Bending the Landscape: Fantasy
Reviewed by Carl Cipra
Edited by Nicola Griffith and Stephen Pagel
Rating: none given
The first volume of Bending the Landscape, a new three-volume
anthology of gay/lesbian F&SF short fiction, hit the bookstands about
a month ago. It's called Bending the Landscape: Fantasy; and if this
book is any indication of what the entire series will be like, then I'm
really looking forward to the upcoming two companion volumes (reportedly
entitled BtL: Science Fiction and BtL: Horror).
In this volume's Forward, editors Nicola Griffith and Stephen
Pagel say that their intention was to have "queer writrs write fantasy
for the first time and genre writers explore queer characters" and to feature
works by "a group of talented newcomers and award-winning genre veterans."
And, to my mind, they've made some great choices for this anthology!
This is a collection of well-written fantasy with "queer themes" by authors
who seem to have a "feel" for the genre - not just gay/lesbian erotica
with a thin veneer of fantasy slathered on.
In case the names of the editors seem somehow familiar to you, just
let me remind you that Nicola Griffith is a two-time winner of the Lambda
Literary Award in the category of "Fantasy and Science Fiction" (for her
novels Ammonite and Slow River); and Stephen Pagel is Director of Sales
at White Wolf Publishers (known for publishing fine works of F&SF),
as well as a frequent Gaylaxicon guest.
Bending the Landscape: Fantasy features an excellent collection
of 22 all-original pieces of gay/lesbian short fantasy fiction. Virtually
all aspects of "fantasy" literature are explored: contemporary urban
fantasies, a vampire tale, a few "Orientalist" fantasies, some ghost stories,
some classic "high fantasy" tales - as well as a couple of stories that
I personally would have classified as "science fiction."
It's always difficult to figure out which of an anthology's stories
to include in a review, so I'll just mention a few of my personal favorites
here. There's K.L. Berac's witty little magical mystery "Magicked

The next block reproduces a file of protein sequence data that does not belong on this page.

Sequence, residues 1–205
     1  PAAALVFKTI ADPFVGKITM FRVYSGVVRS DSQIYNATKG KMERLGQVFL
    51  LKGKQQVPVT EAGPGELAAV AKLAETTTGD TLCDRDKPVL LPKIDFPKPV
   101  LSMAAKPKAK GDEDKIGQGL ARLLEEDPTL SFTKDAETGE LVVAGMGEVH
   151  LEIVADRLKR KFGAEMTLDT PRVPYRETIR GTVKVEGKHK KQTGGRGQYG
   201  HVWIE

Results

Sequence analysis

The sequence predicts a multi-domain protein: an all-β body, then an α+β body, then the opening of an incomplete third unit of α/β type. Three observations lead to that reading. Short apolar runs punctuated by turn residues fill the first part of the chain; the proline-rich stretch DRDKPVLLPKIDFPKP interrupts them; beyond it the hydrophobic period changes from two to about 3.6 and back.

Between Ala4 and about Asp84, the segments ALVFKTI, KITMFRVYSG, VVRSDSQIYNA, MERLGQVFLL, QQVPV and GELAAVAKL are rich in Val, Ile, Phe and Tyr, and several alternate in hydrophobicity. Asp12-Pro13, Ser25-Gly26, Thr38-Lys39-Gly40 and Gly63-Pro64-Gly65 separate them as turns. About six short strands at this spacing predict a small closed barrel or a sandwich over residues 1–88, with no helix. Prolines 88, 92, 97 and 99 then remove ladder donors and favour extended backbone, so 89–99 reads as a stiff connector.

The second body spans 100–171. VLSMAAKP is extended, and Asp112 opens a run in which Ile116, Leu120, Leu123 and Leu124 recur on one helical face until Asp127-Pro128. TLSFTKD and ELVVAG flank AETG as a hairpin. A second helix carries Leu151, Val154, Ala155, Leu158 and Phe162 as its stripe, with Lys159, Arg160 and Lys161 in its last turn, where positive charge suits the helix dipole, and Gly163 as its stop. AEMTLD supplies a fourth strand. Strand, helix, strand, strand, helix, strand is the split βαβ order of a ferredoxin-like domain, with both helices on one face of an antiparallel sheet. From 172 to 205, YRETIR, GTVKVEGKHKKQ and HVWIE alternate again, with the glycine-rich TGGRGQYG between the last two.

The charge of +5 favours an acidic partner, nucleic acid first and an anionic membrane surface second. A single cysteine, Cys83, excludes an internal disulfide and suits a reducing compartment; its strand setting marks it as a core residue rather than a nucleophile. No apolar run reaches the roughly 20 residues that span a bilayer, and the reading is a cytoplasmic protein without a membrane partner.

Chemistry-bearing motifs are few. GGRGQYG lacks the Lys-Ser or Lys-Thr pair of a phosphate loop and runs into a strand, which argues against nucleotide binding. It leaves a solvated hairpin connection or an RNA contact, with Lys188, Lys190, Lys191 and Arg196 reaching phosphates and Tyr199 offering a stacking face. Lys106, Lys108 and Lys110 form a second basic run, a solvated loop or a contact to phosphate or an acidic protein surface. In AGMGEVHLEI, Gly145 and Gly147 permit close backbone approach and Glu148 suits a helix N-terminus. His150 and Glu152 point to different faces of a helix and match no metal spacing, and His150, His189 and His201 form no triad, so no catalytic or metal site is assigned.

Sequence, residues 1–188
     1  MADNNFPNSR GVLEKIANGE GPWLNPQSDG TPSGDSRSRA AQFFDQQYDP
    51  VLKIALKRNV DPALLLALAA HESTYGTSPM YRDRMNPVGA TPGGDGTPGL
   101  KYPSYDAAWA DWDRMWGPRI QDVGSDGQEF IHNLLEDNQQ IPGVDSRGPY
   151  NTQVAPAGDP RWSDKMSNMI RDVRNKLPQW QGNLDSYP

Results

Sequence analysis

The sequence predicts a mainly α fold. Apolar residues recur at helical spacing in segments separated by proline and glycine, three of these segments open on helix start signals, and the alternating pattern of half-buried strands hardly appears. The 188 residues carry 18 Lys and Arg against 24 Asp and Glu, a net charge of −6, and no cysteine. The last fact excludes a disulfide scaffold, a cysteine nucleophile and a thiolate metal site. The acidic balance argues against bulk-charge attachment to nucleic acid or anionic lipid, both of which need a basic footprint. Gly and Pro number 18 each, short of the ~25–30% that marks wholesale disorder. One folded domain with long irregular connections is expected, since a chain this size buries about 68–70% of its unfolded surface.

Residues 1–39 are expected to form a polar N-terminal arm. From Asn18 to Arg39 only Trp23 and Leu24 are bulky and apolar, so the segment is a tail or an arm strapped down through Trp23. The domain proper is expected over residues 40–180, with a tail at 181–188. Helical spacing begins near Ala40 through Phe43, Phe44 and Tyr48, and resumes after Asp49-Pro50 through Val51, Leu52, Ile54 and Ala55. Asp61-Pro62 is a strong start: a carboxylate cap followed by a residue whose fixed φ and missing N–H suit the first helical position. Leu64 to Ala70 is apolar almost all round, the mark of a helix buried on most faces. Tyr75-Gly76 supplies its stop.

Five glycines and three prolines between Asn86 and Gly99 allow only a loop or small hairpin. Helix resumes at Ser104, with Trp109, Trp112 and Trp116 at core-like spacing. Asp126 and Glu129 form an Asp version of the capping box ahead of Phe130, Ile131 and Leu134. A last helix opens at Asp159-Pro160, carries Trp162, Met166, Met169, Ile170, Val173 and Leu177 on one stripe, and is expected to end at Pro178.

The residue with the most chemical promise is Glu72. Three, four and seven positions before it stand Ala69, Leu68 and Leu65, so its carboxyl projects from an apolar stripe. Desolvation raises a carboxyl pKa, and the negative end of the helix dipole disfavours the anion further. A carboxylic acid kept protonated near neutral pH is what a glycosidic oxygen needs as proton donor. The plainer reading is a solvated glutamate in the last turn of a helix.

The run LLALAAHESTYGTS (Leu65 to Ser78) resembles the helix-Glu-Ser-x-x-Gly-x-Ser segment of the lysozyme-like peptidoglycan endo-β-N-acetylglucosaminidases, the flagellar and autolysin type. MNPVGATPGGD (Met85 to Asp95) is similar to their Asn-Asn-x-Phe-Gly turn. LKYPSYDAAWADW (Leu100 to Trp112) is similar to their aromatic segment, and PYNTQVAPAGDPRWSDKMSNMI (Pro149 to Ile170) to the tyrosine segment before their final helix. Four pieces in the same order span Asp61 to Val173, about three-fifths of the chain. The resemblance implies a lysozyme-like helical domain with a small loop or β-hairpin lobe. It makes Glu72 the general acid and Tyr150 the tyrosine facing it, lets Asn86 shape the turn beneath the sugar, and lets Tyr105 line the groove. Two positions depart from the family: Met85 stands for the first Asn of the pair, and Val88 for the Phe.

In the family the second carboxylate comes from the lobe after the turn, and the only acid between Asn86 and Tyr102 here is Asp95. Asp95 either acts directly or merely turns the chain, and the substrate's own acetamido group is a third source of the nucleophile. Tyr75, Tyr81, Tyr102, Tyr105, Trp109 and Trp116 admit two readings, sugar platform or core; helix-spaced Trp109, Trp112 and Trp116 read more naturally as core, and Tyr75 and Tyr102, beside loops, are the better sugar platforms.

Tricks," in which some friends try using unfamiliar magick to solve the
apparent murder of a one-night-stand. There's Lisa Silverthorne's
"The Sound of Angels," the poignant tale of a lesbian couple's last moments
together - just the two of them, a mind-link, and a pod of killer whales.
In "Expression of Desire," Dominick Cancilla relates an eerie story about
a lesbian vampire-artist's unique "closet lifestyle." For fans of
the "Thieves World/Sanctuary" shared universe, Robin Wayne Bailey has written
a new story about the gladiator/lovers Dismas and Gestus; it's entitled
"The Stars Are Tears" and it's definitely a new twist on the old "boy-meets-?"
story. Ellen Kushner and Delia Sherman have teamed up (and what a
high-powered team it is!) to co-author "The Fall of Kings," which is set
in the same world as Kushner's fabulous novel Swordspoint - but two generations
later. And then there's perhaps my favorite, Tanya Huff's "In Mysterious
Ways" - a delightful new story about Terizan the thief and her intrigues
with the powers-that-be in the Thieves' Guild, this time involving the
theft of a creatively-vengeful godling's eye.
There's some very entertaining reading in here! Not a clunker
in the lot! If you're looking for enjoyable, well-written fantasy
stories featuring gay and/or lesbian characters, then this book is a "must
read." And definitely look for Bending the Landscape: Fantasy (and
probably it's companion volumes, too!) among future lists of Lammy nominees!